Autism, or autism spectrum disorder, is an increasingly common condition that is estimated to affect an average of 1 in 68 children. Statistically, it affects 1 in 42 boys, and 1 in 189 girls, according to a 2014 estimate from the CDC. Some reports have indicated that the frequency of autism may even be as high as 1 in 50, however. Most children are diagnosed around age 2 or 3, though diagnoses can be confirmed as early as 18 months of age. Autism is characterized by a range of traits that include repetitive behaviors and challenges with social skills, speech and nonverbal communication. Autism spectrum disorder has no one “set” of symptoms and instead encompasses a range of different abilities and difficulties.
While it is often said that the shift in diagnostic criteria is what has led to the stark increase in cases of autism, many people feel that this alone is not enough to explain the dramatic rise in autism diagnoses. In 2015, Michael Rosanoff, Autism Speaks’ director of public health research, states, “[T]hese factors alone don’t account for the entire increase in autism prevalence reported over the past two decades.”
Some studies have shown that vaccinated children are more likely to be diagnosed with autism, while others have shown that GMOs and glyphosate may play a role in the condition’s increasing prevalence. While health officials have been dragging their feet when it comes to these concerns, there is at least some research being done on the matter. While autism spectrum disorder is by no means a death sentence, many parents are desperate to help their children in any way they can, so their kids can lead lives that are as fulfilling as can be.
A new treatment using stem cells seeks to broaden the horizons for autistic children, and help to improve the symptoms of the condition. Recently, 25 children with an average age of 4.6 years took part in a landmark study pioneered by researchers at Duke University, in Durham, North Carolina. The results of the trial were just published in the journal Stem Cells Translational Medicine and boasted some impressive findings.
The goal of this Phase I trial was to see if transfusing autistic children with their own umbilical cord blood, which contains rare stem cells, could help to treat their autism. Their results were striking: Approximately two-thirds of the children showed marked improvements. The children were evaluated with an array of behavioral and functional tests prior to the administration of the cord blood, and these tests were repeated again at 6 months and 12 months after the infusion. Assessments over the entire 12-month period showed that the treatment was safe and well-tolerated.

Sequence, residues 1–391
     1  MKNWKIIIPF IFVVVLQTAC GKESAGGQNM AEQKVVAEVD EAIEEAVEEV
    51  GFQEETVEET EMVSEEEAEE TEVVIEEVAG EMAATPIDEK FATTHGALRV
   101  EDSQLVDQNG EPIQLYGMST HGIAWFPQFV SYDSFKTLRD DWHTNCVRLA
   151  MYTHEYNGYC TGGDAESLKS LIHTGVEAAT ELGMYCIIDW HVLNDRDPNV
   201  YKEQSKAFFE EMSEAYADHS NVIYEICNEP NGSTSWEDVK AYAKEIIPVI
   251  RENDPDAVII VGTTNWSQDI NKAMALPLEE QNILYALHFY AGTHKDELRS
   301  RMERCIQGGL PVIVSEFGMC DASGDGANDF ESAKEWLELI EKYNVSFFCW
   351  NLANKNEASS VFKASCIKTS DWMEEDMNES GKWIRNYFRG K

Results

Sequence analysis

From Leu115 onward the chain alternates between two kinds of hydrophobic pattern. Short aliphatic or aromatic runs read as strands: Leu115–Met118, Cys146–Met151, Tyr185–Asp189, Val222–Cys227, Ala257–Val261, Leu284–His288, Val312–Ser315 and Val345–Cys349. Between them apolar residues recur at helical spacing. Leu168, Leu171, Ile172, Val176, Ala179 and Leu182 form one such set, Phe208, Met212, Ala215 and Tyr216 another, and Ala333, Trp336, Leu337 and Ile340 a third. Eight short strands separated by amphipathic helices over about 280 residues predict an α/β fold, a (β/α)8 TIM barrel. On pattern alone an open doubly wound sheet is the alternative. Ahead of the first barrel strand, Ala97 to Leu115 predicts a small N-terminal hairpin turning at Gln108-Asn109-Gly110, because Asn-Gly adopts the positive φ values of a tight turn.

More astounding, however, were the notable improvements in the children’s behaviors and functionality. Parental reports indicated that the kids showed improvements in areas of social communication and general autism symptoms. There were also documented clinical improvements of overall autism symptom severity, as well as changes in standardized assessments of expressive vocabulary, and objective eye-tracking measures of the children’s attention to social stimuli.
The research team states that these advancements were documented at 6 months and that they were sustained at the 12-month evaluation, and note that higher baseline nonverbal IQ scored were associated with a higher level of improvement.
Could this stem cell therapy be the way of the future for children with autism? Only time will tell. While this study was an open-label study with no controls, rather than a controlled double-blind study, the findings are still promising for the future. (RELATED: Read more stories about the latest research at Scientific.news)